- Course: MBiol Biology
An Open Day revelation
I was unsure which degree to take until I attended the open day. I was considering Maths, Biology, and Medicine and went to lectures on them in that order. After attending the Biology one, I was won over by the exciting lab facilities, field trips, and career opportunities, so I cancelled my remaining talks and went home early. I enrolled in the MBiol integrated Masters course, as I knew I was going to like academia due to my passion for learning and realized that if I changed my mind, it is easier to drop out than it is to get into the Masters program.
Developing as a scientist
Scientific thinking is the priority of every aspect of my course. We are taught content in our first and second year to give us a foundation while developing research and literature skills before our third and fourth year, where we are doing independent research with unknown results. Most modules revolve around free-thinking and critiquing science. The way the course built me up to where I am now has been subtle and enjoyable, but also prepared me very well to continue in the scientific field.
The lecturers are brilliant. Every lecturer will be thrilled by a student asking an insightful question at the end of a seminar or talk and will engage in a great discussion. They are all clearly passionate about their research but also have an open mind and would love to tell you more and listen to your ideas.
The joy of discovery
My final project is about plant parasite resistance in coffee. Focusing on one species of nematodes that infects the plant roots, I grew different varieties of coffee and infected them, noticing some plants were more resistant than others. I sequenced the RNA of the most resistant and most susceptible plants and looked at the genes being expressed in the roots and leaves to get an idea of what might make one plant more resistant. I identified numerous candidate genes that could be associated with resistance and did some phenotyping to verify this. Some genes were associated with cell wall biosynthesis, and I ordered mutants in the model species, Arabidopsis, and infected them with nematodes to see if disrupting these genes' expression increases infection.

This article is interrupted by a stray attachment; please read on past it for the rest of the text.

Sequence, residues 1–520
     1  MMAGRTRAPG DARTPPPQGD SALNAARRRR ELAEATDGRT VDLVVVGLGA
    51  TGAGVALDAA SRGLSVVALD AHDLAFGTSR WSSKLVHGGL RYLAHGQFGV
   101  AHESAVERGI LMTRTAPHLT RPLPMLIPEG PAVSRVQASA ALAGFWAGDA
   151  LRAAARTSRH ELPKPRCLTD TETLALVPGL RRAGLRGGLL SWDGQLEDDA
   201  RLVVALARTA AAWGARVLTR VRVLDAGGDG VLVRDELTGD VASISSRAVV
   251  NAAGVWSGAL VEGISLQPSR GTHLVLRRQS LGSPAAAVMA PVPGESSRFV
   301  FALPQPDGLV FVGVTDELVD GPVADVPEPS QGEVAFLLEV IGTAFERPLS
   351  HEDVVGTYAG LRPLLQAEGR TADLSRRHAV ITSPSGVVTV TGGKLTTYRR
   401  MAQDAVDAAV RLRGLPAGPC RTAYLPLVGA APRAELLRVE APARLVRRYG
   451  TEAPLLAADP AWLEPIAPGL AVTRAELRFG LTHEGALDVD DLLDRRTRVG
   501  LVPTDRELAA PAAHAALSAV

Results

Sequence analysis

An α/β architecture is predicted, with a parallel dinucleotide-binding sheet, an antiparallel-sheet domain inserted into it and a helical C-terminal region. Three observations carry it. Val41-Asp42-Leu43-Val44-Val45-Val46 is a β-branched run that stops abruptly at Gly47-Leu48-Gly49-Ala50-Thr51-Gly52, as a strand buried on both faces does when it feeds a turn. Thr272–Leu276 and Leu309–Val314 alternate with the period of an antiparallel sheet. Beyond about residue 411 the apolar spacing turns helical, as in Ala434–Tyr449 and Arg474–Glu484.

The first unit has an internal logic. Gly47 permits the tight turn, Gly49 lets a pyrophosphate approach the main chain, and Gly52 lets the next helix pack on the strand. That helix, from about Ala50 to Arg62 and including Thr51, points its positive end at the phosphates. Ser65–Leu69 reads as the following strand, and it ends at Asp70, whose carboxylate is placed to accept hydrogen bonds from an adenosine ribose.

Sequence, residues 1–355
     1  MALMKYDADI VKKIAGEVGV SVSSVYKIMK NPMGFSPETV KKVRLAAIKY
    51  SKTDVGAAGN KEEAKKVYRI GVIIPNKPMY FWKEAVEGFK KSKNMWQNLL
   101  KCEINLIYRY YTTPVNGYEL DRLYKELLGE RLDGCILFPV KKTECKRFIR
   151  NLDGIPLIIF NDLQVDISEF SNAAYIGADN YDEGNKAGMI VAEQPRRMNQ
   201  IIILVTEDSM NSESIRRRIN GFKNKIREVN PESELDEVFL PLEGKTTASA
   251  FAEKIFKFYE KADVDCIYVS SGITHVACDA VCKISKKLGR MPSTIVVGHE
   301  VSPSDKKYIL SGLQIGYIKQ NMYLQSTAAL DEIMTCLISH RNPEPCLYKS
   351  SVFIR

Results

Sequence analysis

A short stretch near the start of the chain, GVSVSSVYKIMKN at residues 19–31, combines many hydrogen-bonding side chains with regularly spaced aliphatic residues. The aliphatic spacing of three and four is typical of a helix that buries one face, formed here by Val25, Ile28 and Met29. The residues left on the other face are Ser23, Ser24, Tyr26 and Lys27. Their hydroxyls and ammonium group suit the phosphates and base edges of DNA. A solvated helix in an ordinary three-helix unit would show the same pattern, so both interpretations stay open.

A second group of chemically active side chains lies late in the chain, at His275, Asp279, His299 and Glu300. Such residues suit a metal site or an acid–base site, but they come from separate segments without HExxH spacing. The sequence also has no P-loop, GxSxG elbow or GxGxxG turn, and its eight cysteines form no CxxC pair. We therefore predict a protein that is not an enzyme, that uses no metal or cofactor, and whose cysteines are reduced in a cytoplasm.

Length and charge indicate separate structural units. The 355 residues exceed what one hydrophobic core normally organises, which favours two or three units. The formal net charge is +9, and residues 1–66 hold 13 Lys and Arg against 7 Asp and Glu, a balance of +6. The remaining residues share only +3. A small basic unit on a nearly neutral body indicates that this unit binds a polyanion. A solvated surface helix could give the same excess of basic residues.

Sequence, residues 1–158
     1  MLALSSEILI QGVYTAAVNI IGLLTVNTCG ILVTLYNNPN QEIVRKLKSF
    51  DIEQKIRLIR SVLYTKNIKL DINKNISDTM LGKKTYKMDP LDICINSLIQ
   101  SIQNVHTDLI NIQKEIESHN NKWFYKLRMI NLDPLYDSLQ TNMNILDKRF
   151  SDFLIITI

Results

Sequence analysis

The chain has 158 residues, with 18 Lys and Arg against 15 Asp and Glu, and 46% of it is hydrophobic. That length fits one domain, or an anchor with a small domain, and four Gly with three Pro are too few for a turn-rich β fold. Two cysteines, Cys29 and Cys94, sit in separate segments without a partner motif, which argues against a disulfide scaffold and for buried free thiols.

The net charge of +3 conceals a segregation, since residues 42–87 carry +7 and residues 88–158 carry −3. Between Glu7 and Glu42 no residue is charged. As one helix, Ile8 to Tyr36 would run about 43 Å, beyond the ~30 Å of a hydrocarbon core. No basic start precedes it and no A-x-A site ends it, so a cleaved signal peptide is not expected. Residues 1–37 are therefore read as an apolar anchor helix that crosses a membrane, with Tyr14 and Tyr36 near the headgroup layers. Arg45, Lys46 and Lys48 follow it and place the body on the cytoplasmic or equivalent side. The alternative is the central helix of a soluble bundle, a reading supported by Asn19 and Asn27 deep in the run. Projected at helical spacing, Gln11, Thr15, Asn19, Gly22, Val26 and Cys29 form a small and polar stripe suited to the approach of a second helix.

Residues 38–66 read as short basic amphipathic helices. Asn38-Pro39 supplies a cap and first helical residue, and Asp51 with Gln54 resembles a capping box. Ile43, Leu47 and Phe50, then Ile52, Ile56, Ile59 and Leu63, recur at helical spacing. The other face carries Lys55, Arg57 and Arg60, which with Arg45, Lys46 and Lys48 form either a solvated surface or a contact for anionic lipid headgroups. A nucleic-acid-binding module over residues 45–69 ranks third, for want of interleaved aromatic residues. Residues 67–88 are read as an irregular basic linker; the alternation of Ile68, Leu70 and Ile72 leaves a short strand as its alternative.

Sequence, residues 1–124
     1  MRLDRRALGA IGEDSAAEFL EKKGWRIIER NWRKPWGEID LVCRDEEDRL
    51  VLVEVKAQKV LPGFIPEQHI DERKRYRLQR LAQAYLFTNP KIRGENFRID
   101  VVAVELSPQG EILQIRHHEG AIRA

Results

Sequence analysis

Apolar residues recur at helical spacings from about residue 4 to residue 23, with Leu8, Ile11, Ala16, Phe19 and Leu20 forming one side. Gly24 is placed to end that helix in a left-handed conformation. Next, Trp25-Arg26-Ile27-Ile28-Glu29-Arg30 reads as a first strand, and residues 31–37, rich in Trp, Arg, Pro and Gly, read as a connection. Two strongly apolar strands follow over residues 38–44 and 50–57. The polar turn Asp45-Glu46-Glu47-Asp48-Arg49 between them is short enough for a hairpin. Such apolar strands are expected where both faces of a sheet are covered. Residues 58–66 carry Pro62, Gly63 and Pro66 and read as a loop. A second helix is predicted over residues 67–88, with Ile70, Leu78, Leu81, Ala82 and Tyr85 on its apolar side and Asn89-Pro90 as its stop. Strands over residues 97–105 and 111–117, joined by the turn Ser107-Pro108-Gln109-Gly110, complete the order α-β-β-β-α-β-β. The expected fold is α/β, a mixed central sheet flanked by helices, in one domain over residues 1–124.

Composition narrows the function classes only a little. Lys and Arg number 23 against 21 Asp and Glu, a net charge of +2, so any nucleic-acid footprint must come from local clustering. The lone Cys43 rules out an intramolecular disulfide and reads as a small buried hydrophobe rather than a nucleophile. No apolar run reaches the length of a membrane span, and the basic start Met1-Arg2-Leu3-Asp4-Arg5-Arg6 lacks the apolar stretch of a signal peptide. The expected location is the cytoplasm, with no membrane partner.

I also took an interest in the production pathway of the biochemical, nerolidol. I am seeing how nematodes directly interact with this compound, as well as what applying it to infected roots does.
Gaining real research experience in the labs
The labs are perfect. You get to use expensive equipment that real researchers use daily. This sets you up with appropriate skills for your future, as well as being really cool to learn for the first time. I have taken advantage of the wisdom of my lab during my project. Getting stuck into my work and the literature around it let me come up with exciting new theories to discuss with my supervisors. This was the most exciting when I discovered nerolidol's potential role in parasite resistance. No one had looked into this yet, so my supervisor ordered me the chemical and made sure I had adequate equipment to do my experiments.
The thought of writing one piece of work worth 80 credits as my master's research project is daunting. I am in the lab every day working towards this, but it is hard to feel 'on-track' since it is such a credit-dense final write up. Focusing on just doing good science throughout my project helped deal with this anxiety a bit as I know that if I get good results, I can write something well. This allowed me to focus on following research threads and pushing the edges of the field instead of worrying about my deadline.
My supervisors support me by encouraging me to write up as much as I can as I go, as I get results from one experiment, writing good notes on it before I progress to the next.
I got an academic scholarship in my first year and recieve a hardship fund continuously. This enables me to focus on university not side jobs .